Wednesday, September 10, 2008

Conversion and Christianity

Are propagation and conversion part of Christianity? Even though the Supreme Court's judgment in the Rev.Stainslaus case laid down that Article 25 does not include the right to convert, it appeared to me after reading Seervai, that the Orissa High Court judgment upholding conversion as part of Christianity, which was challenged in Stainslaus, is still the valid law, as Stainslaus did not specifically address the issue. Here is my article on the issue.

4 comments:

Dilip said...

Stainislaus is actually quite confusing - the trouble, it seems to me, is that the court did not bother to define conversion or the right to convert in the first place.

Conversion as understood here involves two aspects - the first is the right to persuade someone to convert which is covered by the right to propagate and the second is the individual being persuaded by the argument and deciding to practice a different religion, i.e. the actual act of conversion. The court, in this instance, independently upheld both rights and yet stated confusingly and to the contrary, that a fundamental right to convert does not exist.

The court defined propagation correctly and held that one can freely articulate one's own views of their religion. But there is also the right to practice religion which obviously means a choice of religion including a right to convert from one to another. The right to convert, it seems, falls more within this aspect of 25(1) and ought to apply not only to Christianity but to every other religion as well - this, I suppose, is what the court meant when it referred to the freedom of conscience.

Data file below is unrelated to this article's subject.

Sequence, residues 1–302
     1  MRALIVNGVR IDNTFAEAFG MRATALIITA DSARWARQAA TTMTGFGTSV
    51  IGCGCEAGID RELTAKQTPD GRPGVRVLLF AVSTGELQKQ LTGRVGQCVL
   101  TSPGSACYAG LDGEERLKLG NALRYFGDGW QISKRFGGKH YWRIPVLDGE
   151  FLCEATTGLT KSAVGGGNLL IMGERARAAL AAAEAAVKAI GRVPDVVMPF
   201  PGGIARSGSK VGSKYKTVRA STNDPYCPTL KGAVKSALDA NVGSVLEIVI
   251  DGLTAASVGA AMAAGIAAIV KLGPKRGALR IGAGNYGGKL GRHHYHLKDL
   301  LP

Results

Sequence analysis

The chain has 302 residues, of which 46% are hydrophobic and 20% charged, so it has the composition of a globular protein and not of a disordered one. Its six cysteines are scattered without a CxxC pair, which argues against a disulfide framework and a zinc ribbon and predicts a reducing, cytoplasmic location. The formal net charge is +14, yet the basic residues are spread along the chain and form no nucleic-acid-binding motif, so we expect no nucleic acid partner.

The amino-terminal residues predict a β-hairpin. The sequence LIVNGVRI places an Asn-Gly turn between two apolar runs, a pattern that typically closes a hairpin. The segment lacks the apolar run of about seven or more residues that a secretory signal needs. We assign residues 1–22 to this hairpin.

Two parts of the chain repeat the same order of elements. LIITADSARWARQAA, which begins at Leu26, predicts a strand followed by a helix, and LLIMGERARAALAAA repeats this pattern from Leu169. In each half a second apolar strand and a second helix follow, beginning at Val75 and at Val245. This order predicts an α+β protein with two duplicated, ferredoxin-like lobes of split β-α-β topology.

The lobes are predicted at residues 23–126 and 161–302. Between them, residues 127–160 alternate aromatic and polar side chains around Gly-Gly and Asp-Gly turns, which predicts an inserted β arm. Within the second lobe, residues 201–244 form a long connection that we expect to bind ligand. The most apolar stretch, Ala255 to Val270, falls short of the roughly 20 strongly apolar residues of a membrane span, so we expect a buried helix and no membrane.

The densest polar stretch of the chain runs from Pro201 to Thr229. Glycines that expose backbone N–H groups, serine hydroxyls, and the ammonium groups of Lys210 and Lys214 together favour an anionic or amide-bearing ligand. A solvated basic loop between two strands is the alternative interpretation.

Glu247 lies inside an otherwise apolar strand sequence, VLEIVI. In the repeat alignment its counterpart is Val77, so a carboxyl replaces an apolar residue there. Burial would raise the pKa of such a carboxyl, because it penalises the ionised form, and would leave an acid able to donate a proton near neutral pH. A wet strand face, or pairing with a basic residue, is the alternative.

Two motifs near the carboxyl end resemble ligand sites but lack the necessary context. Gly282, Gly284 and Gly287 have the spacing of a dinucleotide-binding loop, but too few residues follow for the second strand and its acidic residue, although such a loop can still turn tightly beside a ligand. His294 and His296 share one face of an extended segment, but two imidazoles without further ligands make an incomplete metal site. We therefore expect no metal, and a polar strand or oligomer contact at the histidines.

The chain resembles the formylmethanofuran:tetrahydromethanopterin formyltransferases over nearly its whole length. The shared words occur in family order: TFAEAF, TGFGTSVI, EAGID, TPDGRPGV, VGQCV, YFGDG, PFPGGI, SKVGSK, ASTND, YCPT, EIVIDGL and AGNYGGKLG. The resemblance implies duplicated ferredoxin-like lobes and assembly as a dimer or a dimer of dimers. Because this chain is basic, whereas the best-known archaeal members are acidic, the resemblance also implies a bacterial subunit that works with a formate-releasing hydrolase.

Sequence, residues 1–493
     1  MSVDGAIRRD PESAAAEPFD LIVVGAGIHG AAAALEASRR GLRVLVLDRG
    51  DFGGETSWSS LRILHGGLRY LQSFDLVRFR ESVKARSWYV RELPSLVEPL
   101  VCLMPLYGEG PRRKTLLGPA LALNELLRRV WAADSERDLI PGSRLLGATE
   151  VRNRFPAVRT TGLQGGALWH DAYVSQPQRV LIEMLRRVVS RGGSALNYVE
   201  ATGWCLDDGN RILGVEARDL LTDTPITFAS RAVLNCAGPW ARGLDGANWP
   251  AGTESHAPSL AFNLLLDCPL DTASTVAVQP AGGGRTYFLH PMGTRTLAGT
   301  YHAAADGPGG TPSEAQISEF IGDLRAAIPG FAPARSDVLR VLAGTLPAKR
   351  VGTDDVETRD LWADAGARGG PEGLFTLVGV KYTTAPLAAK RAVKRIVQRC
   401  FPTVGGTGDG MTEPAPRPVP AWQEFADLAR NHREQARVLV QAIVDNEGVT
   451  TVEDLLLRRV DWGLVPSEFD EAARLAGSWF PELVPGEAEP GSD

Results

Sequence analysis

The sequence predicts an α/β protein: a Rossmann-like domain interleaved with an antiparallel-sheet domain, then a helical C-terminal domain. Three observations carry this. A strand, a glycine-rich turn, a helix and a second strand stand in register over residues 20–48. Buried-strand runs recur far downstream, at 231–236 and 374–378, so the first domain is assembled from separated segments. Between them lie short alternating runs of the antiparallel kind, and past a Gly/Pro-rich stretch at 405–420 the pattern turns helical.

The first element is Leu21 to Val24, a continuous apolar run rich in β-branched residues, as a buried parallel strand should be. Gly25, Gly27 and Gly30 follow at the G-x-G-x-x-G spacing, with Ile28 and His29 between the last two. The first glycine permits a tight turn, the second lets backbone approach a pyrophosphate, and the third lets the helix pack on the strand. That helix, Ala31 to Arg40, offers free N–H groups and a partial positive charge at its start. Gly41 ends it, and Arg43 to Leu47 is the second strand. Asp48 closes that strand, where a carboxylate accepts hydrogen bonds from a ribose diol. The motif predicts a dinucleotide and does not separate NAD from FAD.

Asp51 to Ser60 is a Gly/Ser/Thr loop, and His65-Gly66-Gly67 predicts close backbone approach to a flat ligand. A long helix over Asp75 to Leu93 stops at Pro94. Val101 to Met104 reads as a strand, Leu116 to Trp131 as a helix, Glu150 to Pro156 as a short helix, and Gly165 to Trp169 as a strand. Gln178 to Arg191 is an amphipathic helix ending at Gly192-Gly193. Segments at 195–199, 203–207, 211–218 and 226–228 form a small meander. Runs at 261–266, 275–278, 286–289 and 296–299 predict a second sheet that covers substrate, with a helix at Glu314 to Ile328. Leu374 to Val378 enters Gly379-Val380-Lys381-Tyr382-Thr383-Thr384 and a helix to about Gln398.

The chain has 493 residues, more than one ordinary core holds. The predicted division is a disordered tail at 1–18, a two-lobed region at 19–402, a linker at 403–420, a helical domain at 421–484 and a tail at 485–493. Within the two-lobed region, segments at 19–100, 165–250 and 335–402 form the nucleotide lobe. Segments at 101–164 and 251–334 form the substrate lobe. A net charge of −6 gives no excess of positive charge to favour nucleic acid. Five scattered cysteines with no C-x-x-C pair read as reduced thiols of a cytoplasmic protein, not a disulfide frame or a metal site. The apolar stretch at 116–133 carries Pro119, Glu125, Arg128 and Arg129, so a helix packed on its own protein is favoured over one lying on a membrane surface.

What the Orissa legislation is talking about when it uses the word 'covert' in the sense of converting someone appears to be the right to persuade someone to covert which, as you have correctly pointed out, comes within the ambit of the right to propagate.

On the question of why the public order limitation should not apply, the argument is more debatable. If the distinction between a simple breach of law and order and a violation of the public order is one of degree, the recent acts of violence only add to the justification for such an act. Even if the purpose is vaguely stated in the objects and reasons, the actual provisions of these legislations, it appears that the provisions themselves are relatively clear - force, fraud and allurement have all been defined. The state enactments ought to therefore pass rational basis inquiry.